Professional athletics in this country has outrun the clergy in the latitude automatically granted to stars who have been able to get away with almost anything, from drunken driving to assault and near rape, and to be welcomed back after a prison stay as if they had only been away on a weekend cruise. Even being mean and ready to accept bribe-like inducements is not enough to shake off the stardust with which Americans so prodigally sprinkle them.
This is obviously similar to the privileges granted to Catholic clergy and religious. Those good priests, nuns and brothers who actually deserve it because of their selfless service to their people do not seek or want it. The fraction of those who take advantage of it do not deserve it and often are the ones who use the culture's generous appraisal as a cloak behind which to hide their sexual abuse of those in their care.
At Penn State and Syracuse, coaches who, like priests, were considered trustworthy because of the automatic admiration of the culture abused that faith in them to abuse young people whose personal integrity they were committed to protect. But the athletic culture, like the clerical culture, was so bewitched by the noisy parade of acclaim in which its leaders marched every day that they granted these coaches leeway, the benefit of the doubt, and muted everything that might harm the football or basketball culture that so dominated the imagination and judgment of faculty, fans, alumni and, yes, the doctors, police and media who looked the other way, covered up the situation or conveniently lost the records on any members of the culture who got into trouble by sexually abusing those they were supposed to care for.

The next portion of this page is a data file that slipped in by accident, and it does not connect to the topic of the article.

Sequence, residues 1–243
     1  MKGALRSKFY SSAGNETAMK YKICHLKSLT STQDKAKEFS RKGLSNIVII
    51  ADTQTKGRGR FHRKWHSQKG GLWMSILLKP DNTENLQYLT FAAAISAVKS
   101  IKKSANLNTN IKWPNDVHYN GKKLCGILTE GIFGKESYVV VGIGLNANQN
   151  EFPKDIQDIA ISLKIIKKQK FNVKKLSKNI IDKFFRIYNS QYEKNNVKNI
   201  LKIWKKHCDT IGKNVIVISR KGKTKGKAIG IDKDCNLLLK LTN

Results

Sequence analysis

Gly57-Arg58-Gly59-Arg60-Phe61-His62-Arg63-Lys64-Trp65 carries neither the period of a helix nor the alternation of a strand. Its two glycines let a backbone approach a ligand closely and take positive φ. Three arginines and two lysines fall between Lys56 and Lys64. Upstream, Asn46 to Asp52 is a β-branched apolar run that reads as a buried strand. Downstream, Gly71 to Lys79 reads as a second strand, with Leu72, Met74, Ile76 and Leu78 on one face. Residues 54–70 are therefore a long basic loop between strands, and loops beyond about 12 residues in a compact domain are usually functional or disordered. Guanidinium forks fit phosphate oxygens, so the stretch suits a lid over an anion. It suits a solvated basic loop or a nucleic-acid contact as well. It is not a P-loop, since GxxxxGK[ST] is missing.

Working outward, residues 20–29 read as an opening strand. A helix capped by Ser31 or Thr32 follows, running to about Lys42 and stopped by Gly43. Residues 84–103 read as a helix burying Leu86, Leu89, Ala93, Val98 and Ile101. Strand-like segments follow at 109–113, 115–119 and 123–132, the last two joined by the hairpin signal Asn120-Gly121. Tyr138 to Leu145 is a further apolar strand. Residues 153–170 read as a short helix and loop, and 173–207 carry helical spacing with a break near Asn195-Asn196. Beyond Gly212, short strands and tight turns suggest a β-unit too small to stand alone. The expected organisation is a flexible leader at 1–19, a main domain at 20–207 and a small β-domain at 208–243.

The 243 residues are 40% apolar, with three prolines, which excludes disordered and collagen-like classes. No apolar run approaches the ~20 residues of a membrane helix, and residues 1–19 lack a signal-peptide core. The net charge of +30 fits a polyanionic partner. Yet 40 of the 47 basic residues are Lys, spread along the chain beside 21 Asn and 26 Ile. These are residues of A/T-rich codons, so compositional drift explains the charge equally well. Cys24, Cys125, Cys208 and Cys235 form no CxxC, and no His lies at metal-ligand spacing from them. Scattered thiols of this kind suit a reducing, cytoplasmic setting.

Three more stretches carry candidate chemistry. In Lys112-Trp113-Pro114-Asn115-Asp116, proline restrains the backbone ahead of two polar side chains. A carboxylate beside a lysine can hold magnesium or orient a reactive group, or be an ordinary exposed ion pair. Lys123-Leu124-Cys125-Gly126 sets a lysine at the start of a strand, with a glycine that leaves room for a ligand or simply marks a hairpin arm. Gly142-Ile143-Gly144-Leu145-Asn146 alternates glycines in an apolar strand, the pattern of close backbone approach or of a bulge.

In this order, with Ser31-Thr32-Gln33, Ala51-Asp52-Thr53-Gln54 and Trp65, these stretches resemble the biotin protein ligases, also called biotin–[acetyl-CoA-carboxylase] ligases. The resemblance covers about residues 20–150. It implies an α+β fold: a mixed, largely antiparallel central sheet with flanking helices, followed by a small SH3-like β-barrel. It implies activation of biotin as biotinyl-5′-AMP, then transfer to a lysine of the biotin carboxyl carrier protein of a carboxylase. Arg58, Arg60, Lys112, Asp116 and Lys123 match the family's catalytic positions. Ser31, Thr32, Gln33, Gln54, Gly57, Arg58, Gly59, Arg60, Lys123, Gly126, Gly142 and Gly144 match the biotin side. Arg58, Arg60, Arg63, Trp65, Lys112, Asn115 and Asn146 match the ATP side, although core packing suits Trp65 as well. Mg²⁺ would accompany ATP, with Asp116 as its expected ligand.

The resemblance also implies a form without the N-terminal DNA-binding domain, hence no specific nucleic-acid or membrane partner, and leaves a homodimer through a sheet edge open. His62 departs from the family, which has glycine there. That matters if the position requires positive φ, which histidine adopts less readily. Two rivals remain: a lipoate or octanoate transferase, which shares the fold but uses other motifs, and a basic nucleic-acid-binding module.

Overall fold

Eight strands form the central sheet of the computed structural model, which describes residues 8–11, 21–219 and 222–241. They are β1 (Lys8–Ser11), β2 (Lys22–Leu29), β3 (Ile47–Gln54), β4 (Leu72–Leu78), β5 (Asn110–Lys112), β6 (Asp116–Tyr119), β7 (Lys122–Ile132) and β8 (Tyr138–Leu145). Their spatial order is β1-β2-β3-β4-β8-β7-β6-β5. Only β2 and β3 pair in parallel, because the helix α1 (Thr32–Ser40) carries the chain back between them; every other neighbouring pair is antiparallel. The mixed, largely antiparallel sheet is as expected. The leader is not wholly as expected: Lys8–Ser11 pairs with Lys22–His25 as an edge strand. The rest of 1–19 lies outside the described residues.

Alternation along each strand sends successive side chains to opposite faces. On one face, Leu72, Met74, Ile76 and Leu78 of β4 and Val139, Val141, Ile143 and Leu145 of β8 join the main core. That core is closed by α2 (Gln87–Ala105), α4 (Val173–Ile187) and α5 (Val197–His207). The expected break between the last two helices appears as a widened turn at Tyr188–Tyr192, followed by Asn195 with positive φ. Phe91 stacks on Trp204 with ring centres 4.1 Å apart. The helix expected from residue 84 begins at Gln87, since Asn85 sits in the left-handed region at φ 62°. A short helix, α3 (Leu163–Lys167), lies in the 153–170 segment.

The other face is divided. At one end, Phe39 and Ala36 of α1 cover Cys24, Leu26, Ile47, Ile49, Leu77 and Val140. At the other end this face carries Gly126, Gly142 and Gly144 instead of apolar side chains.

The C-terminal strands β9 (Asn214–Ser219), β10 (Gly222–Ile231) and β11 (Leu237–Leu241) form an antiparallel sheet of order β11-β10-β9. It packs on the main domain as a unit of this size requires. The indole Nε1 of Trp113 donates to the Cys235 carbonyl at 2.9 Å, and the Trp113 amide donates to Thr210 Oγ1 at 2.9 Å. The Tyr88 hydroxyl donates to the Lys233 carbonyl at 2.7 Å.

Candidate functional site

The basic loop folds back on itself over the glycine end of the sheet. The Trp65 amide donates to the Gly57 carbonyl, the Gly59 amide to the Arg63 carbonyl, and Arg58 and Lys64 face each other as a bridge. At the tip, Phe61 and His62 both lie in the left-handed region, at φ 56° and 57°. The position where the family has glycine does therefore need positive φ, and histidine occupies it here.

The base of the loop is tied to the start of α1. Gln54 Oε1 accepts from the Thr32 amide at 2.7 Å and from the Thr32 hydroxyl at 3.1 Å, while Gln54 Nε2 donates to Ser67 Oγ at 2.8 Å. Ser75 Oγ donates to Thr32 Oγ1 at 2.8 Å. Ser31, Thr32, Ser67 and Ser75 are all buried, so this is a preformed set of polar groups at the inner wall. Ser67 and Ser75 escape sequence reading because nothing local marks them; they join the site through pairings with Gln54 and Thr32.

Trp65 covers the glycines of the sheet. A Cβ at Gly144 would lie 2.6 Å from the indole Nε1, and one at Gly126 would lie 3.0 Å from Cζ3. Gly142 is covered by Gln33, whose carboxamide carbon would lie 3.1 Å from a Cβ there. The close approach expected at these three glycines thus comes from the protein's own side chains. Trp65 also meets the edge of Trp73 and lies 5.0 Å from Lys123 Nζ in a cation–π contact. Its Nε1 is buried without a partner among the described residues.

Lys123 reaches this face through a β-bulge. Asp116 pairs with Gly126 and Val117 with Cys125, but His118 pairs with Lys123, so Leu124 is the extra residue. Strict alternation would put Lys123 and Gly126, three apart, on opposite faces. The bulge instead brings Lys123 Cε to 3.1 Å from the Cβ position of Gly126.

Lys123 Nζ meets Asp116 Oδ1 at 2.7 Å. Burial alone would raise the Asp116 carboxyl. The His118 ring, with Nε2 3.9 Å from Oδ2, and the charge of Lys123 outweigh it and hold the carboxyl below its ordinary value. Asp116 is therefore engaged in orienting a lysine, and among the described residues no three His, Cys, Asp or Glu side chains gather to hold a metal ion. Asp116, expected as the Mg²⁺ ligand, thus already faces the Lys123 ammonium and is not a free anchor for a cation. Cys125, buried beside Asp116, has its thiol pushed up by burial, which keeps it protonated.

At the bottom of these tragedies we find the individuals who understand the culture and knowingly use it to provide victims for themselves and protection from their superiors and others. These are the grand manipulators, for manipulation is the premier art practiced by clergymen or coaches who understand not only how to talk malleable youngsters into spending weekends or taking showers with them, but also know how to manipulate their bishops, superiors and the system itself to get a head-start on the police or the equivalent of medieval sanctuary for themselves within the church. They victimize and manipulate everyone to gratify their needs and then feel sorry, and want you to feel sorry for them instead of the victims whose wounds never heal.
Clerical culture is dying, but the athletic culture, with its spoiled stars, its greedy agents and pharaoh-like owners, walk unquestioned, as though they were our benefactors, through our culture. As long as that is so, the manipulators will thrive and we will be surprised, though we should know better by now, when similar scandals are found, as they will be, on the underside of other campus athletic programs and professional sports.